To see the latest fishing report  and for more booking information click here.  If you are a seasoned angler or have never picked up a fly rod and want to set up a day on the river just email or call/text 615-796-5143 to book a day on the water.

Monday, July 21, 2014

Curtis and Jonas On The River

Lately there have been several father-son trips. Folks who read this report have read in previous posts I enjoy these trips, because fly fishing is something that can be shared for many years to come. Curtis has fished with us several times and brought along family on most days. This time he would bring his son Jonas who had not caught a trout on the fly. 
With rain coming down for about 8 hours prior to the float, and sometimes a hard rain, we knew the day would be challenging. We decided to get on the water behind the generation in search of clearer water. That plan worked well, sort of, for the first 30 minutes and then the water began to get more stained by the minute. Jonas was on one of my favorite nymph patterns while Curtis had his favorite and trusted light streamer pattern.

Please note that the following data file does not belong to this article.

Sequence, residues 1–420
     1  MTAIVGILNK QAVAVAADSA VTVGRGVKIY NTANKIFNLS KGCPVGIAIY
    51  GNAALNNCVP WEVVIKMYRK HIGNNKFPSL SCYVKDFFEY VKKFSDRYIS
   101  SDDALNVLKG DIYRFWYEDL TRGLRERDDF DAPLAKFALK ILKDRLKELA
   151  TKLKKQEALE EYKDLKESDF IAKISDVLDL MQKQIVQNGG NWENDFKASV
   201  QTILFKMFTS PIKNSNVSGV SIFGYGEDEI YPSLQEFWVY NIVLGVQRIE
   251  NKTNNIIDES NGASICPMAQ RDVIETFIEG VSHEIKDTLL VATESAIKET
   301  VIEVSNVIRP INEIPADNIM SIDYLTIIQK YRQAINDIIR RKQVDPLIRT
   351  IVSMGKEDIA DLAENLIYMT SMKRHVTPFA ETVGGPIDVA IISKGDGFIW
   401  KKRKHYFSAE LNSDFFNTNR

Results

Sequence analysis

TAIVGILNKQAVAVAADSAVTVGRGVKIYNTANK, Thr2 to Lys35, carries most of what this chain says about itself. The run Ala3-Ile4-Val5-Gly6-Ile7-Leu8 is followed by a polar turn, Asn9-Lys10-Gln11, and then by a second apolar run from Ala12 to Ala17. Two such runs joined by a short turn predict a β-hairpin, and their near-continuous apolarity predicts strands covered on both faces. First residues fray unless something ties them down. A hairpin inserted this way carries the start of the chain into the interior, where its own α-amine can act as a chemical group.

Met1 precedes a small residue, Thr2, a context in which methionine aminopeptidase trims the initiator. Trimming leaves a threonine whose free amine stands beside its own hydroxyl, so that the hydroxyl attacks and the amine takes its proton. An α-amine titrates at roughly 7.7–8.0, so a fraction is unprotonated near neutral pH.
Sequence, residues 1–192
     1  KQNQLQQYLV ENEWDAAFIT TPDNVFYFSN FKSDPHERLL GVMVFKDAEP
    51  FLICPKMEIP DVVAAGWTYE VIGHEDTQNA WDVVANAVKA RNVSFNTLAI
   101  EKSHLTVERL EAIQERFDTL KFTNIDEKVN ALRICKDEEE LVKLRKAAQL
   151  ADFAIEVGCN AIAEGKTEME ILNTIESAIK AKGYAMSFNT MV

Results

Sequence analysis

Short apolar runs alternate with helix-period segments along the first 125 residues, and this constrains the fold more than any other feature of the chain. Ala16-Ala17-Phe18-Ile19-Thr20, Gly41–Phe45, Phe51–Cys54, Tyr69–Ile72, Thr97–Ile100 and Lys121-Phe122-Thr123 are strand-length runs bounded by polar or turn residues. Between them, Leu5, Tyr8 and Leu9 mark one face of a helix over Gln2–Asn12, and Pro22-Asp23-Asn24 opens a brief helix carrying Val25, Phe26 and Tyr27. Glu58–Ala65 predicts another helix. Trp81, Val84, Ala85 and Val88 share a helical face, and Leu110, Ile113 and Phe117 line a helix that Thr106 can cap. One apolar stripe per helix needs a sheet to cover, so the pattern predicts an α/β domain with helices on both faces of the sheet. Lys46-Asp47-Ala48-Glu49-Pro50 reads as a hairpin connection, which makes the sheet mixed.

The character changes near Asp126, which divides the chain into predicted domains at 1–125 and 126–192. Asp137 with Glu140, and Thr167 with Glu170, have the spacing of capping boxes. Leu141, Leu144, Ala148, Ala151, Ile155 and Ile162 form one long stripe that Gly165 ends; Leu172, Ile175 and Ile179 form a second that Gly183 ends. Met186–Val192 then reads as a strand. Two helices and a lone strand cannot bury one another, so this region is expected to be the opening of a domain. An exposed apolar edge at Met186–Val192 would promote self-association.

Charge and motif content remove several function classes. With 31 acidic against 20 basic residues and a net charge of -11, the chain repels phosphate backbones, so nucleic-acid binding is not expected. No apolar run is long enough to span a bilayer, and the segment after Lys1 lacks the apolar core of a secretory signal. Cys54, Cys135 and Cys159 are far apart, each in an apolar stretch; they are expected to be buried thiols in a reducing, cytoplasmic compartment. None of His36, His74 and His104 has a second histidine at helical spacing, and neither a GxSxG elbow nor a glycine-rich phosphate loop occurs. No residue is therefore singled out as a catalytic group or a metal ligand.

Jonas is an athlete and was following coaching well. With very little instruction he was soon laying out some good casts.  His mends got better and better so we moved on to hooksets. After we missed a couple fish, Jonas set the hook on and caught his first trout "on the fly". From then on Jonas was ready for the next fish and Curtis was soon on my favorite bug as well. The further downstream we went the muddier the river became. So a little more than halfway through the day, I got on the oars and rowed out so we could go higher in the river in search of cleaner water.
We unloaded drifter for the second time and found some water that was in a little better shape. We saw our first consistently rising fish and the guys made a bet, with a side bet, then we were off. Jonas struck early in Float 2.0 and Curtis came right back. Jonas increased his numbers as the time passed quickly. We were running a clock and with just minutes to go Jonas put the game away with a final fish before we had to get off the water to the beat generation.
It was a tough day on the river with all the rain and muddy water. But some days we take the good with the bad. This day I got to see a young man catch his first trout on the fly and hopefully learn enough to lay out good casts with his dad for many years. 

To see the latest fishing report  and for more booking information click here.  If you are a seasoned angler or have never picked up a fly rod and want to set up a day on the river just email or call/text 615-796-5143 to book a day on the water.